“Doubts, Anyone?”

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I recently spoke with an attorney regarding working with one of his client’s family business’. He described some friction between the family patriarch and his daughter, who was heiress apparent. When I insisted, throughout several preliminary meetings, that I would have to talk with the owner before we proceeded, he told me it was not necessary and he could set everything up.

At that point, I told him I was not the right person for the job,  he became a bit irate and shared  that “you’re not as famous as you think are  probably not that good.”


First off, I’m not famous at all but maybe I’m not as good as I think I am. His comment did  give me pause, at least for a few moments.

Self-doubt is a natural part of the business world. It is a feeling that often creeps up on us when faced with significant decisions, risks, and uncertainties. As an entrepreneur or business professional, doubt can be a constant companion, nagging at us and making us question our abilities and choices.

Doubt doesn’t always have to be a bad thing. From a resilience strategy, we can use this self-skepticism to help us think critically, evaluate our options, and make more informed decisions. It can also push us to work harder and smarter to achieve our goals.

Here are a few ways to use the power of doubt in our business endeavors.

  • Recognize when you are feeling doubt and then name it. There is no more powerful way to deal with feelings than to give it a label.  
  • See doubt as normal and that you’re not alone in feeling it. Seek a support system of trusted colleagues, mentors, or coaches who can offer guidance and perspective when you’re uncertain.
  • Lean into your doubts and explore them more deeply. Ask yourself why you’re feeling doubt and what’s driving those feelings. Are there underlying fears or concerns that need to be addressed? Are there gaps in your knowledge or skills that need to be filled, or as is the case with my story above, is the other person on the wrong side of rationality?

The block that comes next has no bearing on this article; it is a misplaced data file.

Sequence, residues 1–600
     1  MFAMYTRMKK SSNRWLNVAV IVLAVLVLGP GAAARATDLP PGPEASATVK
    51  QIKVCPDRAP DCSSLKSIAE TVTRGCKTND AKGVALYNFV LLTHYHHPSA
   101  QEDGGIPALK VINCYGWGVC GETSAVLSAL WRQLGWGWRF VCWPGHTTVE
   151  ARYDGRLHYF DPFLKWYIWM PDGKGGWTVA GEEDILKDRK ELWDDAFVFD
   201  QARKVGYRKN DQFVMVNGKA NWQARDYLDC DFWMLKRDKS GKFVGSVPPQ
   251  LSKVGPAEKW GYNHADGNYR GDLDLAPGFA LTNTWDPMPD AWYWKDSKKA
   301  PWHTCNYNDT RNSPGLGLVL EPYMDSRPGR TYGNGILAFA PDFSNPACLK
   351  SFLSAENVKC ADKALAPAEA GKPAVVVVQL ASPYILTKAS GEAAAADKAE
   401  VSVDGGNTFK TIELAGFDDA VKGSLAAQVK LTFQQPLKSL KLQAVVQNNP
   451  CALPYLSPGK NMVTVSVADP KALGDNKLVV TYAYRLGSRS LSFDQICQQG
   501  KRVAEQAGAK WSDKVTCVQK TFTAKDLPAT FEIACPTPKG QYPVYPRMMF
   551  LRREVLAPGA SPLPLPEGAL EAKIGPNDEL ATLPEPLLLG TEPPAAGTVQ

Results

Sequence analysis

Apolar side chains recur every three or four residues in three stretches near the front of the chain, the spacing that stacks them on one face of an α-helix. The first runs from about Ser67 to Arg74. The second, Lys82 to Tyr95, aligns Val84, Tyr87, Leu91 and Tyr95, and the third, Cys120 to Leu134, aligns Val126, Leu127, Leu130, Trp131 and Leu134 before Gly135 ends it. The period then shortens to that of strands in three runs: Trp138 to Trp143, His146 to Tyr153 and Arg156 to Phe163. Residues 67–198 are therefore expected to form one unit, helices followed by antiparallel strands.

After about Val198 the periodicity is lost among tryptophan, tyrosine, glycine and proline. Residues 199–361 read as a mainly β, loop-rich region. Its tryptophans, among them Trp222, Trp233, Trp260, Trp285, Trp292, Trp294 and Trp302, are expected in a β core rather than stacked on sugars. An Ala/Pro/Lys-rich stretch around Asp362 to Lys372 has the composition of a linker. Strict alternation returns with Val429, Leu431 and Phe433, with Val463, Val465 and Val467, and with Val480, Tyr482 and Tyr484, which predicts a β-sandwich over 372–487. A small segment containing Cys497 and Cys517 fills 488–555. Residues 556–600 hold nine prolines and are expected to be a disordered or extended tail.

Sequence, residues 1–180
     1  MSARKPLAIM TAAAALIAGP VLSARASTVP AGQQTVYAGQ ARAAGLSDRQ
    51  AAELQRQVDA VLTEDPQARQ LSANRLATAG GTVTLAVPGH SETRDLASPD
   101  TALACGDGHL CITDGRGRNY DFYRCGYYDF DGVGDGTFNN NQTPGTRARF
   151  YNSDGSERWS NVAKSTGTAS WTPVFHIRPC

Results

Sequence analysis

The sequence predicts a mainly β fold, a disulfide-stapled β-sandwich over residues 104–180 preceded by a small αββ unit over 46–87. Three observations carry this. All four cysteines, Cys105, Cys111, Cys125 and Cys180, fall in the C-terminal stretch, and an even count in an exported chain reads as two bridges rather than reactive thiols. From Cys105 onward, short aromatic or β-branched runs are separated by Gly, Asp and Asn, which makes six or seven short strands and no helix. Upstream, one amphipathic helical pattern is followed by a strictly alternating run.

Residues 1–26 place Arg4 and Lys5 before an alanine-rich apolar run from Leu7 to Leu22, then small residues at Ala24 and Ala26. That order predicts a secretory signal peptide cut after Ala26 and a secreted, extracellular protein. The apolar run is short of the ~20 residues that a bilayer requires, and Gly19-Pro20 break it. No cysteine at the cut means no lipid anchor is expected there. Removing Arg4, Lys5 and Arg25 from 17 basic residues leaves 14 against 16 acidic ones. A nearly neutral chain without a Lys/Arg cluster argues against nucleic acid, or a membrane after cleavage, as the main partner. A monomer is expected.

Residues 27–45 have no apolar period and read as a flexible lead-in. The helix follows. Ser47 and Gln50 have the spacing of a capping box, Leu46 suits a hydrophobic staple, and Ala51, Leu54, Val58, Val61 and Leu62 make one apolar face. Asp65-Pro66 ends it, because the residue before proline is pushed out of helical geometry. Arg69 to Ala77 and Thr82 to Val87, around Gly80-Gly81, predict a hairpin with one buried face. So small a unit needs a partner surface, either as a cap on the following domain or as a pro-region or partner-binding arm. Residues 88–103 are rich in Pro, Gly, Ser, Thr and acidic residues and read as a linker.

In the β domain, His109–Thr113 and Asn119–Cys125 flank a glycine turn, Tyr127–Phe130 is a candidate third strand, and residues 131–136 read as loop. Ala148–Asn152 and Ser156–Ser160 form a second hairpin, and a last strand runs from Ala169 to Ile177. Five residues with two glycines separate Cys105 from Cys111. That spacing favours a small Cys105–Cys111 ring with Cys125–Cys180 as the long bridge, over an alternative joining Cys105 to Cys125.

• Don’t fall victim to the “imposter syndrome,” which leaves us asking ourselves if we are as good or qualified as we might think of ourselves, professionally.
  • We are our own worst and most demanding critics. We hold ourselves to high standards, and we can feel drained if we don’t achieve them. Overcome that habit by identifying wins every day.

Remember, doubt is not the enemy. It’s a natural part of our personal and professional growth and can be harnessed for learning and success. Embrace, explore, and use it to fuel your journey towards achieving your goals.

I appreciated the attorney for questioning my capabilities. It showed me that I made the right decision in not working with him and his client. If he treated me that badly before we started working together, I couldn’t imagine what it would be like if I were working with them.

That little bit of doubting helped me get just a little bit better.

© Richard Citrin 2023

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